June 21, 2010 Leave a comment
In the final part of the councillor session at #lgcyh we discussed Twitter. None of the councillors in the group currently used Twitter so without hesitation we pulled up the brilliant Tweetyhall. A great way to explain what Twitter is from a councillor perspective.
Cllr Cheetham and Cllr Cooke went through how they used Twitter in their councillor role, passing on a few tips along the way. These included:
– follow as many councillors as you can – this is a good short cut to finding how councillors use Twitter to good effect;
– remember that followers are interested in what you are doing (don’t underestimate the impact of the “human side” of being a councillor);
– it’s a great way of extending your councillor and officer network – help, advice and different perspectives are only 140 characters away. It’s cheaper than going to conferences;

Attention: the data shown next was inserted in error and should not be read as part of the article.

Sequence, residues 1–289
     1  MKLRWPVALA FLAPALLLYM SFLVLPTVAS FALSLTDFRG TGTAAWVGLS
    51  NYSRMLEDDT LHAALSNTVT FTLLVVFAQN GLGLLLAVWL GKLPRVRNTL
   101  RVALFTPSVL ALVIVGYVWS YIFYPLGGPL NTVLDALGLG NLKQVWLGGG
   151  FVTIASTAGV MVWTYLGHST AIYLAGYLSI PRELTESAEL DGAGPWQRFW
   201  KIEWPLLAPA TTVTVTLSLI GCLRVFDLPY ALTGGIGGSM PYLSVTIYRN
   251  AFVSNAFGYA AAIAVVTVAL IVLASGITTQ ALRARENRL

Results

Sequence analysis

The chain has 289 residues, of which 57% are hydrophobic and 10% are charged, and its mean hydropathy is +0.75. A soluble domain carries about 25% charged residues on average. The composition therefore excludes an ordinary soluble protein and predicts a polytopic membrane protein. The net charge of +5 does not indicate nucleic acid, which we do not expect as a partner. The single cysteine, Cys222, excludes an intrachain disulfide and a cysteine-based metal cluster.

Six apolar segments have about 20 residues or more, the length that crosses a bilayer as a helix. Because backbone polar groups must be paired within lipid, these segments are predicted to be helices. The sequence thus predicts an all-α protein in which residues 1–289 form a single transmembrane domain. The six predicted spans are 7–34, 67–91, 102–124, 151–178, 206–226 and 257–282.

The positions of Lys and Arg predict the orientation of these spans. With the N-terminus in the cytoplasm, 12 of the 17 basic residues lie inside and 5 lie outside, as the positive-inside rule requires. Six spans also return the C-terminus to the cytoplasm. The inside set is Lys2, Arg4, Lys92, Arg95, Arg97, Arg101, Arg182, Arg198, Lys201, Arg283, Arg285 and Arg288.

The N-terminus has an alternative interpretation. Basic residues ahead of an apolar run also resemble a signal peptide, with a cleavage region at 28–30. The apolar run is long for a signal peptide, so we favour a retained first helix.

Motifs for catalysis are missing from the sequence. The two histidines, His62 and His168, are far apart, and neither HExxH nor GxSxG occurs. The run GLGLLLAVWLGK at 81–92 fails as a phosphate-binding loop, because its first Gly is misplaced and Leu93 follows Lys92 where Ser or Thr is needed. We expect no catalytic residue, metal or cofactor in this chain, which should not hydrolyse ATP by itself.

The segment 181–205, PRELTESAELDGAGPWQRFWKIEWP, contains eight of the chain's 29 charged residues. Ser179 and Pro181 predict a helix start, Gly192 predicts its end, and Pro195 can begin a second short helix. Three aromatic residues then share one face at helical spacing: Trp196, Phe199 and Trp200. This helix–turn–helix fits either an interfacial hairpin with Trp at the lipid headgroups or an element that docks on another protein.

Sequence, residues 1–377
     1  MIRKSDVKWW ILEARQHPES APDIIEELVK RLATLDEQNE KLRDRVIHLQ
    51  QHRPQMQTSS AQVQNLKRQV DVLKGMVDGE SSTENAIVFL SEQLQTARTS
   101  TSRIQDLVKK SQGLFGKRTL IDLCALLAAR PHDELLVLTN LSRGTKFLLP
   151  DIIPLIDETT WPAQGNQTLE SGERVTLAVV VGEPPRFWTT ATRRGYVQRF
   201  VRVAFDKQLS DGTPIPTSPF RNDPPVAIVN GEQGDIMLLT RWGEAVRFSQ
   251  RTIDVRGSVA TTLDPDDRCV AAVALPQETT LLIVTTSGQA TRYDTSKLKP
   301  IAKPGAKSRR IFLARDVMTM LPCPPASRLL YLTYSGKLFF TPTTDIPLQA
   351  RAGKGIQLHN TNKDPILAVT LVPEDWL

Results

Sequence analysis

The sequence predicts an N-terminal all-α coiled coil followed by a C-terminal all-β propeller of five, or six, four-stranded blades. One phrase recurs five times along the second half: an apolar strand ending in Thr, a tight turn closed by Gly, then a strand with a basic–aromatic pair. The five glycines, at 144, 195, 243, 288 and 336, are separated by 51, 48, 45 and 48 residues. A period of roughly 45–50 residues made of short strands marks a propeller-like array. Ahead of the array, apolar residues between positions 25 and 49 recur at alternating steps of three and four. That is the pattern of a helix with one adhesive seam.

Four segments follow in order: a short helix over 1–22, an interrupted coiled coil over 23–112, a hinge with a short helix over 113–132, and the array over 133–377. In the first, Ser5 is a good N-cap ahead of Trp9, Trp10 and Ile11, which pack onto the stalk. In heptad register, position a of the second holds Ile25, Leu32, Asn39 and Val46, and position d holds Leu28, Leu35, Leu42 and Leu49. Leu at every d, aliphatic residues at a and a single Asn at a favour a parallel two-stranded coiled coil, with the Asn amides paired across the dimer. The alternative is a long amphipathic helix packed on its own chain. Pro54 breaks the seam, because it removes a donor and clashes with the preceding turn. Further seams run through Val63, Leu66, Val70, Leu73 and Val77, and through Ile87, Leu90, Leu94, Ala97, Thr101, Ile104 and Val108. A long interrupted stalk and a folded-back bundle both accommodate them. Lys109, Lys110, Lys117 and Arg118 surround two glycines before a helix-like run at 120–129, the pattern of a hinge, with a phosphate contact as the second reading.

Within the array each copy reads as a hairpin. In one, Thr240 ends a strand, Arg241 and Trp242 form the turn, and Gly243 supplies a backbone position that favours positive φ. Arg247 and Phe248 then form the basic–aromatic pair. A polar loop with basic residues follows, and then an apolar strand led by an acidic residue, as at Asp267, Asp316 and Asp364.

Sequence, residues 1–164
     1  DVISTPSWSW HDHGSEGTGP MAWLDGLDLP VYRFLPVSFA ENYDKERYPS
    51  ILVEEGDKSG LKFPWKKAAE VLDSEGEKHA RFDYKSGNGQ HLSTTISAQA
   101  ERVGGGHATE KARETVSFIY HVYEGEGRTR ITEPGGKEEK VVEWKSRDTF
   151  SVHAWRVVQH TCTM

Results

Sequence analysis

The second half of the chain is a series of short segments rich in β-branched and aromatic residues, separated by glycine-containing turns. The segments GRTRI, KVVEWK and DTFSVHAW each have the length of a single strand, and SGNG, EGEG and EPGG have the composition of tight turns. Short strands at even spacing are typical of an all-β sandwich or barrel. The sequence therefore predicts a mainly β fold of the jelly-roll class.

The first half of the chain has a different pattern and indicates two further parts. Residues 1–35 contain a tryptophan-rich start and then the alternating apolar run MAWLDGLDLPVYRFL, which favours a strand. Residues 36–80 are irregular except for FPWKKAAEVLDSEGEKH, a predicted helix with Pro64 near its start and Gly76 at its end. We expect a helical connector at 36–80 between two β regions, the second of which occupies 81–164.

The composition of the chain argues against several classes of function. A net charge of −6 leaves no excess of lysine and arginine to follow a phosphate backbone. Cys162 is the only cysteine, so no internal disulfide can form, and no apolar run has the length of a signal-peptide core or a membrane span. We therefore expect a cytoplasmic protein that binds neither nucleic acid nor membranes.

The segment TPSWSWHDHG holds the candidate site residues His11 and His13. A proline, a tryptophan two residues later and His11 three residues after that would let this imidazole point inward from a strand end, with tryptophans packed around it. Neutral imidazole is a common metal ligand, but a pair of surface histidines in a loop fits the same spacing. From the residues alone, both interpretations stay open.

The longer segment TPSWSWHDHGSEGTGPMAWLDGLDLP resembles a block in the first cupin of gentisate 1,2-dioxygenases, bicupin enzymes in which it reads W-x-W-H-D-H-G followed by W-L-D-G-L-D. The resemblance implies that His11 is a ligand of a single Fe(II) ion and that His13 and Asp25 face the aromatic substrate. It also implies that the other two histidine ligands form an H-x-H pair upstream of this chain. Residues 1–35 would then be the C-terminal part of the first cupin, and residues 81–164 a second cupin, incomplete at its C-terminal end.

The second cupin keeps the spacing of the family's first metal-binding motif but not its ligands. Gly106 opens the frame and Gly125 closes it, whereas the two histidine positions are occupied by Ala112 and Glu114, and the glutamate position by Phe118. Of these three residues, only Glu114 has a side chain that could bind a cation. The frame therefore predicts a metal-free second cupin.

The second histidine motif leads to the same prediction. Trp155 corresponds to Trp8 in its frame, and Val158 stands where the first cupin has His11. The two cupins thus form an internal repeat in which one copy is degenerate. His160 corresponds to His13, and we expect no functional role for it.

– it’s quick, cheap and easily links with other social media tools that councillors might use.
Our discussion looked at how councillors and politicians have used Twitter to good effect, including:
– how #tags are a great tool for bringing discussions together into one place (some councils are looking at making ward based #tags a standard);
– the positive use of Twitter by local and national politicians during the General Election, both as a broadcasting tool and as a means of campaigning;
– a good way to quickly and succinctly get key messages to local people – examples of how Twitter was used during the snow this winter struck a real chord with the group.
As with the other discussions, we also looked at some of the Twitter headline stories – Tweeting in meetings, Stuart Maclennan and talked through issues around responsible use. Tweeting in meetings seems to be a subject that divides – the consensus on the day was that it is another way of opening up democracy to the wider public. That said, there is a developing view in some councils that it is disrespectful and is an indicator that councillors aren’t concentrating on the business of the meeting. Another, amongst many, social media dilemmas for councillors and councils.